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    Entries in Medicaid (2)

    Friday
    Jan062017

    The Week in Public Finance: Repealing Obamacare, How a California Ruling Threatens Pensions and More

    A roundup of money (and other) news governments can use.
    BY  JANUARY 6, 2017

    How Much Will Dismantling Obamacare Cost?

    As leaders in Congress kick off the 115th session by assuring the public they will repeal the Affordable Care Act (ACA) in full by the end of this year, a newly released estimate puts the cost of a total repeal at roughly $350 billion through 2027.

    According to the nonpartisan Committee for a Responsible Federal Budget, repealing the law's Medicare-related cuts and its tax increases -- such as the "Cadillac tax" on high-cost insurance plans -- could cost the government more than if it left the ACA in place.

    But the report found that lawmakers could save money if they just repeal parts of the law. For example, if Congress only does away with the ACA's coverage provisions (mainly the Medicaid expansion), it could save $1.55 trillion through 2027.

    Click to read more ...

    Wednesday
    Jun222016

    After Milestone Year of Recovery, State Spending to Slow

    States' overall budgets finally surpassed pre-recession peaks this year -- but not everywhere.
    BY  JUNE 22, 2016

    This year was one of milestones for state budgets, but the upward swings of 2016 will likely be dampened in the years ahead.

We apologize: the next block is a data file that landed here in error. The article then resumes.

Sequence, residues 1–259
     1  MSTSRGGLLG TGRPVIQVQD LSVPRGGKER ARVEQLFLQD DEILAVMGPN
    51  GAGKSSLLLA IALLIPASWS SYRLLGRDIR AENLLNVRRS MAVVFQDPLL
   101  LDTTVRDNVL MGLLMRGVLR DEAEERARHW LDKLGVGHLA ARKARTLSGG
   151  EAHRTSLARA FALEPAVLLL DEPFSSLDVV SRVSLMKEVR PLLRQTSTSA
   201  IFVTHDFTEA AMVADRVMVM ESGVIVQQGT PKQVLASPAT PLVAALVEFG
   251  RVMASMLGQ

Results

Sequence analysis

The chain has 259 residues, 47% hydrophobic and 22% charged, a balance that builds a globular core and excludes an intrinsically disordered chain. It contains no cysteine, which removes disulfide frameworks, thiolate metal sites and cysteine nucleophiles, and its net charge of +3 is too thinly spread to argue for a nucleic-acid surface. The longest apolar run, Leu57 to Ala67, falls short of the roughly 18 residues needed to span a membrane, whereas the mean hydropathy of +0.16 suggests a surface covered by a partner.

It took almost a decade, but total state spending and revenues finally surpassed pre-recession peaks this year, according to a new survey from the National Association of State Budget Officers (NASBO). Yet more than two dozen states haven’t reached that milestone, a sign of the recovery’s uneven progress after the worst economic collapse in more than a generation.

    While fiscal 2016 also marked the highest annual growth -- 5.5 percent -- for total state spending in nearly a decade, it was primarily driven by significant one-time spending increases and technical adjustments in several large states, including New York, Ohio and Texas. The median spending growth rate across the 50 states was 3.8 percent, which is lower than last year’s but slightly ahead of expectations a year ago.

    Looking ahead, spending is projected to slow down even more, to 2.5 percent next fiscal year (which begins July 1 for most states). Revenues are also projected to slow.

    Click to read more ...